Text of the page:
Susan Weber is a founding member of SAVE Colonie: A Partnership for Planning, a community group “organized to protect and preserve the Town of Colonie’s natural environment and quality of life.” SAVE, with a Facebook membership of more than 900, monitors and works to inform residents about town government affairs. SAVE has a website and is active on social media. Susan is also a member of Citizen Action NY and a Working Families Party state committee member. A former legislative counsel and administrative law judge for the New York State Department of Environmental Conservation, a product of North Colonie schools and Albany Law, Susan still lives in Colonie.
Q: Was there a development or series of developments that was the impetus into creating SAVE?
A: First was the clear-cutting of mature woodlands to construct “The Residences” on Airline Drive, followed closely by the clear-cutting at “Maxwell Village,” in 2015. People were incensed and flocked to join us. Research revealed Chapter 177 which allows the town to restrict removal of mature trees during development, but this power is seldom if ever used. Since those early days, the most powerful catalyst for SAVE’s growth is the town’s far too deferential treatment of development interests, to the obvious detriment of this area’s quality of life and open space needs. Neighbors’ legitimate concerns deserve formal consideration, not just the developer’s business interests.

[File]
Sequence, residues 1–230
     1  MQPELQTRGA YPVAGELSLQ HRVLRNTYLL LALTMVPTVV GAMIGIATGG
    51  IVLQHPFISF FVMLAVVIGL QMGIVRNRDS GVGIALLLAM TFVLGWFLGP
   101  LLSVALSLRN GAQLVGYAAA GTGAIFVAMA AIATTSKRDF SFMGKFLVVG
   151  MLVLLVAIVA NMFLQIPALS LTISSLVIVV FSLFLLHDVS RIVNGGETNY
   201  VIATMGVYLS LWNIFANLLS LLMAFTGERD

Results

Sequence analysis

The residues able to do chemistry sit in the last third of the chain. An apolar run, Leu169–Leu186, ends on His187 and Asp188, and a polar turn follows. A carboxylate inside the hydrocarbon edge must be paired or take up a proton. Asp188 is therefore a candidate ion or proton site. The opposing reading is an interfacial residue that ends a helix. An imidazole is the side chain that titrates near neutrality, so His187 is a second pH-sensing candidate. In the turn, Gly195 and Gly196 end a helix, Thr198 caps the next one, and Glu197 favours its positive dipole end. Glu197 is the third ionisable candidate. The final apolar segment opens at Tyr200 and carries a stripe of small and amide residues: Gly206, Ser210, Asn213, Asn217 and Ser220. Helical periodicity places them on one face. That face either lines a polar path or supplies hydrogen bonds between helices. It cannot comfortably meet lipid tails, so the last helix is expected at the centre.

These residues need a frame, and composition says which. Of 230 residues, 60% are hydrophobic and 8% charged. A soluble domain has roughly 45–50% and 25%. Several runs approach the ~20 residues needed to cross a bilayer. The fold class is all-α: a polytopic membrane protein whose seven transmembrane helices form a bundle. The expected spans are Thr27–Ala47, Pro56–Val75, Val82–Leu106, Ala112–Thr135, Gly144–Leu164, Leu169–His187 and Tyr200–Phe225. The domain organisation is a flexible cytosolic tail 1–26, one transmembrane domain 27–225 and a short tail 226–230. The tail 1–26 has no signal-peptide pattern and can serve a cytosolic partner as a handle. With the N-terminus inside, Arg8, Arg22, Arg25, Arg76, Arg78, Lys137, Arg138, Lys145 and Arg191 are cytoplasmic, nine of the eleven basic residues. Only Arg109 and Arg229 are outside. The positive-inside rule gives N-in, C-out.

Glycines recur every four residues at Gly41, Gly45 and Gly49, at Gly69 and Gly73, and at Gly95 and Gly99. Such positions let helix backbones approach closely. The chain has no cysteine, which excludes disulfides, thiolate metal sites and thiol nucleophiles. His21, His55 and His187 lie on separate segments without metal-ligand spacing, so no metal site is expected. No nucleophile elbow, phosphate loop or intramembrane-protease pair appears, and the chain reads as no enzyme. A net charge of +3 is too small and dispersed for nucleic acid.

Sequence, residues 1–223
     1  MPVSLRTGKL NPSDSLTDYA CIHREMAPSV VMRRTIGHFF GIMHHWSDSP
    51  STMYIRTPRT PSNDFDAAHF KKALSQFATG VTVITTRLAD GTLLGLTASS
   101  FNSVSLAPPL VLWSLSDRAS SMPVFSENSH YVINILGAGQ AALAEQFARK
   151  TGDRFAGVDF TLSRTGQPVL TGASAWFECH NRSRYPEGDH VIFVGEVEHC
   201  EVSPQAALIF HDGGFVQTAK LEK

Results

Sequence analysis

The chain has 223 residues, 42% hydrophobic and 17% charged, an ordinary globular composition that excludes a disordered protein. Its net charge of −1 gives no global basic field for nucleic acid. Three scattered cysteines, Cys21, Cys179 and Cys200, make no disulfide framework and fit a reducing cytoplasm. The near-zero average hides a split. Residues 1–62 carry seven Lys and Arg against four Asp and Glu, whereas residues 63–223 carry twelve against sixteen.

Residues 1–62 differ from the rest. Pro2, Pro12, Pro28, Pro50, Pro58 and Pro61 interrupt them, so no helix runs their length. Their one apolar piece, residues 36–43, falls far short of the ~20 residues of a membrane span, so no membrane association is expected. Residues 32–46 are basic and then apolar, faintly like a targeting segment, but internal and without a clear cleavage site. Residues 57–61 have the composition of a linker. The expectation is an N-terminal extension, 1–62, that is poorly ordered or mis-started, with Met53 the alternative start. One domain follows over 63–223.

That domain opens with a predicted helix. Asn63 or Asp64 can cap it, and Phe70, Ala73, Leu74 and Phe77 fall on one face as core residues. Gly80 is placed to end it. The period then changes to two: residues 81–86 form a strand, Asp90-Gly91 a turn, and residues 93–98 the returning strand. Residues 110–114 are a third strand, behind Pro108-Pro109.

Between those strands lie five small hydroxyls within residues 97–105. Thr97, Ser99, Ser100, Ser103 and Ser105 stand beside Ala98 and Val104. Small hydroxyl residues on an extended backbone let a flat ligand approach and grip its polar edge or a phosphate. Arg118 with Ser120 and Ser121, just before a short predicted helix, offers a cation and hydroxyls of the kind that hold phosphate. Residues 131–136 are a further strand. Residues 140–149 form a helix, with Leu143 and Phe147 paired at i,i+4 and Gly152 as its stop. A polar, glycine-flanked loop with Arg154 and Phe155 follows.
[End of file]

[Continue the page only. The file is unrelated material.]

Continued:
Q: SAVE says it is not anti-development but that is the perception. What is SAVE’s purpose?
A: SAVE’s purposes are, first, to help bring residents’ interests to the table when development is proposed. Residents find it difficult to follow and publicly comment on what’s going on, and we see how the town government is not always happy to hear their concerns. So SAVE helps to alert neighbors to new and pending development projects and Town Board agenda items so that neighbors may work together to amplify their voices. Second, we act as a watchdog to ensure that the law is followed. Ideally, Town Law should reflect the community’s common purposes and vision; the development decisions must follow the law and protect neighborhoods from developments’ harmful impacts. We work to encourage adherence to that standard. Our purposes are more nuanced than the way SAVE is sometimes depicted in the media.
Q: How do you think the town should balance the needs and desires of two conflicting interests when it comes to development, namely the developer and the residents living in the neighborhood of the proposed development?
A: Development done right isn’t necessarily a conflict of interest. Conflicting needs and desires are ideally balanced by the Town Law, moderated by the board’s powers applied in consideration of the conditions on the ground, the needs of the neighborhood, and goals of a well-reasoned comprehensive plan. Many development conflicts could be avoided by open communication between the developer and neighbors early in the process. But there seems to be an aversion, coming from the top, to this openness. We’ve heard Planning and Town Board members say, “The owner has a right to develop their land…”, as if this canard should shut us up. However, we all know that property rights, like all rights, are not absolute. They are subject to zoning laws, town code, public health standards, building codes, and more. For most of us, our home is our most valuable asset; this must be respected by town authorities when they make decisions that necessarily affect our homes and quality of life.